First of all how this algorithm works? It is based on the Extended Euclidean algorithm for computation of the GCD. In short the idea is following: if we can find some integer coefficients `m`

and `n`

such that

```
a*m + b*n = 1
```

then `m`

will be the answer for the modular inverse problem. It is easy to see because

```
a*m + b*n = a*m (mod b)
```

Luckily the Extended Euclidean algorithm does exactly that: if `a`

and `b`

are co-prime, it finds such `m`

and `n`

. It works in the following way: for each iteration track two triplets `(ai, xai, yai)`

and `(bi, xbi, ybi)`

such that at every step

```
ai = a0*xai + b0*yai
bi = a0*xbi + b0*ybi
```

so when finally the algorithm stops at the state of `ai = 0`

and `bi = GCD(a0,b0)`

, then

```
1 = GCD(a0,b0) = a0*xbi + b0*ybi
```

It is done using more explicit way to calculate modulo: if

```
q = a / b
r = a % b
```

then

```
r = a - q * b
```

Another important thing is that it can be proven that for positive `a`

and `b`

at every step `|xai|,|xbi| <= b`

and `|yai|,|ybi| <= a`

. This means there can be no overflow during calculation of those coefficients. Unfortunately negative values are possible, moreover, on every step after the first one in each equation one is positive and the other is negative.

What the code in your question does is a reduced version of the same algorithm: since all we are interested in is the `x[a/b]`

coefficients, it tracks only them and ignores the `y[a/b]`

ones. The simplest way to make that code work for `uint64_t`

is to track the sign explicitly in a separate field like this:

```
typedef struct tag_uint64AndSign {
uint64_t value;
bool isNegative;
} uint64AndSign;
uint64_t mul_inv(uint64_t a, uint64_t b)
{
if (b <= 1)
return 0;
uint64_t b0 = b;
uint64AndSign x0 = { 0, false }; // b = 1*b + 0*a
uint64AndSign x1 = { 1, false }; // a = 0*b + 1*a
while (a > 1)
{
if (b == 0) // means original A and B were not co-prime so there is no answer
return 0;
uint64_t q = a / b;
// (b, a) := (a % b, b)
// which is the same as
// (b, a) := (a - q * b, b)
uint64_t t = b; b = a % b; a = t;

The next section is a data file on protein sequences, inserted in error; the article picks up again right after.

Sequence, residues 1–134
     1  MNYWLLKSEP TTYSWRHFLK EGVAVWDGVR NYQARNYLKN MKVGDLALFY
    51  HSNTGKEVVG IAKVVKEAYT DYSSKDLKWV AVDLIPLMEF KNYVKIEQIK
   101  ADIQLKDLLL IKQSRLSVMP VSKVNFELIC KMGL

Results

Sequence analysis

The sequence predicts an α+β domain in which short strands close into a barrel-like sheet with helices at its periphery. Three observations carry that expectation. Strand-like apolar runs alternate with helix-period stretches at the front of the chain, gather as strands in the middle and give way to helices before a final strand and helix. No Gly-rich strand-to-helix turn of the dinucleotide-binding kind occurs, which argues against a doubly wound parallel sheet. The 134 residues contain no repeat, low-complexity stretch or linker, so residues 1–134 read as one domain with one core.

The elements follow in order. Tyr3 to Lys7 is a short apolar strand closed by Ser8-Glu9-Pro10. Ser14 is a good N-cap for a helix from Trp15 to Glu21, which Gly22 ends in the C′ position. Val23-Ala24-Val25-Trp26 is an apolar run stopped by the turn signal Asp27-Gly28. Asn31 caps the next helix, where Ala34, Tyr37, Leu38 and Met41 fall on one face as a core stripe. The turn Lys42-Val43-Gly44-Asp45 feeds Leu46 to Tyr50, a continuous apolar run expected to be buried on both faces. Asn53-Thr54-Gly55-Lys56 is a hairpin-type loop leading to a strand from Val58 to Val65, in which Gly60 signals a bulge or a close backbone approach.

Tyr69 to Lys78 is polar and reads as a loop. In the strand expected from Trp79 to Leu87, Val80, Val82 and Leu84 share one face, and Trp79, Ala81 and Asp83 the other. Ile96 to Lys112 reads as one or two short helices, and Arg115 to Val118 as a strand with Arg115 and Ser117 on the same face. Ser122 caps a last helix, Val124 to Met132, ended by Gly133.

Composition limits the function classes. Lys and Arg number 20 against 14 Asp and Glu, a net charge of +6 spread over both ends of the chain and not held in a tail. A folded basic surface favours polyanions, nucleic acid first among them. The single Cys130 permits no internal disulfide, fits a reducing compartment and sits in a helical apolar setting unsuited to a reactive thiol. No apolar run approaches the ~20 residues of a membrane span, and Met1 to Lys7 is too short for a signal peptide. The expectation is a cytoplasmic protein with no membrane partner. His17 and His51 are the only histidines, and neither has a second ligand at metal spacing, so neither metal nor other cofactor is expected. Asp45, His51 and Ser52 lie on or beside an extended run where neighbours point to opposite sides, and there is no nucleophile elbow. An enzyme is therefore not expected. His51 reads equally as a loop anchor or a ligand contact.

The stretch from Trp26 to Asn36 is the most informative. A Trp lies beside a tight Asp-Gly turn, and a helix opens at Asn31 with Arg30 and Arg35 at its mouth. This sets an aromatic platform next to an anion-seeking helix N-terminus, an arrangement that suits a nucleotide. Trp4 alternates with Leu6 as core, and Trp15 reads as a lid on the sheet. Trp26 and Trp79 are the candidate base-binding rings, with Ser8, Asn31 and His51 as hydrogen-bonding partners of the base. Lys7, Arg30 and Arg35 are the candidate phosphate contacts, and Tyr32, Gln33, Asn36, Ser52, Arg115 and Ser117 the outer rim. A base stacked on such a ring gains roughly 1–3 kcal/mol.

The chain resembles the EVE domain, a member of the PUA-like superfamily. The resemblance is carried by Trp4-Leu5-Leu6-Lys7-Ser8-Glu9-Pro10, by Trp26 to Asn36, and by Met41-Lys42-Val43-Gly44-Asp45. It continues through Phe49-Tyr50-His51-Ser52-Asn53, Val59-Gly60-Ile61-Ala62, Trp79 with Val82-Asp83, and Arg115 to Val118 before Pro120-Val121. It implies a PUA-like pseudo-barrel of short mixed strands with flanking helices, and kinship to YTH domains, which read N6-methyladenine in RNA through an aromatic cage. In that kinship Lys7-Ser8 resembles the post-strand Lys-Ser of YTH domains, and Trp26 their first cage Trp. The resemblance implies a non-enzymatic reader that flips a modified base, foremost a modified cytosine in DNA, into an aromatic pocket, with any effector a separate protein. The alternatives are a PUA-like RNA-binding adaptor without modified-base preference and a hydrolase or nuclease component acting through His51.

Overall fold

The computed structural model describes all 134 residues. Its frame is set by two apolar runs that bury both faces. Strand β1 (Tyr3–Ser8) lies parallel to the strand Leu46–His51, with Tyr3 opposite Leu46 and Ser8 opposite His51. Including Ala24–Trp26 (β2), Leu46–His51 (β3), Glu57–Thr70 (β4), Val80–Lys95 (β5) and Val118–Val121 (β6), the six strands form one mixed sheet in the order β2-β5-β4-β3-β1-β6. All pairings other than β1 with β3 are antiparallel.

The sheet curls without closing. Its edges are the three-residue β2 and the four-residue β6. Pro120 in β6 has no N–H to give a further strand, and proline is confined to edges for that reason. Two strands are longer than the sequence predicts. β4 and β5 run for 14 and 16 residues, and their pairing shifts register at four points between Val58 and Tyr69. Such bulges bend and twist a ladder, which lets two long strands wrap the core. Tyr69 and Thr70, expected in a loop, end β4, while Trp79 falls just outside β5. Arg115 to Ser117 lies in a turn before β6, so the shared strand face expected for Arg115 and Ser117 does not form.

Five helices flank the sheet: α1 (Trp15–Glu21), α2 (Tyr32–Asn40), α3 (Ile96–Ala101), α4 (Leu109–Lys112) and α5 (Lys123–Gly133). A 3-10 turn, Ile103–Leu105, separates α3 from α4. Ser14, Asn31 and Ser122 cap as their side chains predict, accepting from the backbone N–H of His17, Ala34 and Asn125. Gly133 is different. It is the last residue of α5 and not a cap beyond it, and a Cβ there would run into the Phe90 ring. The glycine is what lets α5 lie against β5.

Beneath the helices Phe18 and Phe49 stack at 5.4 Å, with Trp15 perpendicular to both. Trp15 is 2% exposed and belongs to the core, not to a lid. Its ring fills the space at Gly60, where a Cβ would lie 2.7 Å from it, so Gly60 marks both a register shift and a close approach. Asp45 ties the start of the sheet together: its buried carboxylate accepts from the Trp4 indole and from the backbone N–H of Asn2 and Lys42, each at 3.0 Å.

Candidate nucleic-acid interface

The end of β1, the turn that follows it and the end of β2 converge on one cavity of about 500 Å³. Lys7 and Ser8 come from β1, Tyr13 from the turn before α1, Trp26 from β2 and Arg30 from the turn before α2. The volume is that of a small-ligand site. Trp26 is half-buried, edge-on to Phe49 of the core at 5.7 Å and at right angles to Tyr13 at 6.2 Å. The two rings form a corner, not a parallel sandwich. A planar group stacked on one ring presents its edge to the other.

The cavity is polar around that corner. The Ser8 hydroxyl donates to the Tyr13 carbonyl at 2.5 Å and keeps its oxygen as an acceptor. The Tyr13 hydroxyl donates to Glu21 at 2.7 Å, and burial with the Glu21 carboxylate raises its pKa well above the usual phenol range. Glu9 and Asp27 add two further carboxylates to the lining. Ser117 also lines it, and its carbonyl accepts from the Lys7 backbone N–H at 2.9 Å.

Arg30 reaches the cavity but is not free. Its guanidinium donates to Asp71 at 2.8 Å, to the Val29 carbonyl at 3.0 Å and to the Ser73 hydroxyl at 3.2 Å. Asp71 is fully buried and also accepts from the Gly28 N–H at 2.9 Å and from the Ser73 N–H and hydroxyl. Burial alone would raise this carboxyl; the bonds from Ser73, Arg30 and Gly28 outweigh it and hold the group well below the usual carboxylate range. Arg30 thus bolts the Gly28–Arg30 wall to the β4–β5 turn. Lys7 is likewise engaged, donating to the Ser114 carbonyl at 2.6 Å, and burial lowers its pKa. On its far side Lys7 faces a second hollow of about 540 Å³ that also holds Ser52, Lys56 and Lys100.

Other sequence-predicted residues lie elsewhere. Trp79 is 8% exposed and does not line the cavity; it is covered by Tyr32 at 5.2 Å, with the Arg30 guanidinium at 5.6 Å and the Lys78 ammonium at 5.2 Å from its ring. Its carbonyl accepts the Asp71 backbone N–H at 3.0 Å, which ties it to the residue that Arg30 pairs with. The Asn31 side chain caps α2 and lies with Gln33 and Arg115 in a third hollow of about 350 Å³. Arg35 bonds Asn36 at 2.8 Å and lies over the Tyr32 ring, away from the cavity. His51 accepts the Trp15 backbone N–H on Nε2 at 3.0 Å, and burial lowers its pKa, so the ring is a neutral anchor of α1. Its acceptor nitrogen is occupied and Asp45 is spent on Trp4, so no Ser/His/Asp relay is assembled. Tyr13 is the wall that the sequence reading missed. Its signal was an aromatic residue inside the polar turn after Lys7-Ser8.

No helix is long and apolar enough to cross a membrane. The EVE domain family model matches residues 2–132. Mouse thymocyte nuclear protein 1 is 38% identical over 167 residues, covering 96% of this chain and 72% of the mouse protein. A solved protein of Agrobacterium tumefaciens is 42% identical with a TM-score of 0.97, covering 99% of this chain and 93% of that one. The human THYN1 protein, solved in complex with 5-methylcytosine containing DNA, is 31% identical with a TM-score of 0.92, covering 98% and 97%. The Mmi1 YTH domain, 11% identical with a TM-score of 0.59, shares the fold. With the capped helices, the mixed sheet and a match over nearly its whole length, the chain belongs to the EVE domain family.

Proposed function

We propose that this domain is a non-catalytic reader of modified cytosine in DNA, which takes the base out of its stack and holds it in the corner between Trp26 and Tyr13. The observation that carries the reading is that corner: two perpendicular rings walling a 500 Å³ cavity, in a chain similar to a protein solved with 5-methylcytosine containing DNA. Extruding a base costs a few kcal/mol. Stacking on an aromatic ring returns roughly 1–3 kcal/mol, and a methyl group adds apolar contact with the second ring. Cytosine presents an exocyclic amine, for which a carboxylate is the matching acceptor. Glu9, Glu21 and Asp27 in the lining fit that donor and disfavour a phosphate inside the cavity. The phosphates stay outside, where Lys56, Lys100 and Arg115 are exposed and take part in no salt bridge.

// (x0, x1) := (x1 - q * x0, x0)
uint64AndSign t2 = x0;
uint64_t qx0 = q * x0.value;
if (x0.isNegative != x1.isNegative)
{
x0.value = x1.value + qx0;
x0.isNegative = x1.isNegative;
}
else
{
x0.value = (x1.value > qx0) ? x1.value - qx0 : qx0 - x1.value;
x0.isNegative = (x1.value > qx0) ? x1.isNegative : !x0.isNegative;
}
x1 = t2;
}
return x1.isNegative ? (b0 - x1.value) : x1.value;
}
```

Note that if `a`

and `b`

are not co-prime or when `b`

is 0 or 1, this problem has no solution. In all those cases my code returns `0`

which is an impossible value for any real solution.

Note also that although the calculated value is really the modular inverse, simple multiplication will not always produce 1 because of the overflow at multiplication over `uint64_t`

. For example for `a = 688231346938900684`

and `b = 2499104367272547425`

the result is `inv = 1080632715106266389`

```
a * inv = 688231346938900684 * 1080632715106266389 =
= 743725309063827045302080239318310076 =
= 2499104367272547425 * 297596738576991899 + 1 =
= b * 297596738576991899 + 1
```

But if you do a naive multiplication of those `a`

and `inv`

of type `uint64_t`

, you'll get `4042520075082636476`

so `(a*inv)%b`

will be `1543415707810089051`

rather than expected `1`

.

`pX`

can be less than zero, whereas in modular setting it is not and the usual way is to do`if (pX < 0) pX += b`

. But that is signed and unsigned addition which can (or cannot?) overflow. Ideally, for modular calculations there would be no`static_cast<S>`

. But thanks again for writing the article, if you are the author.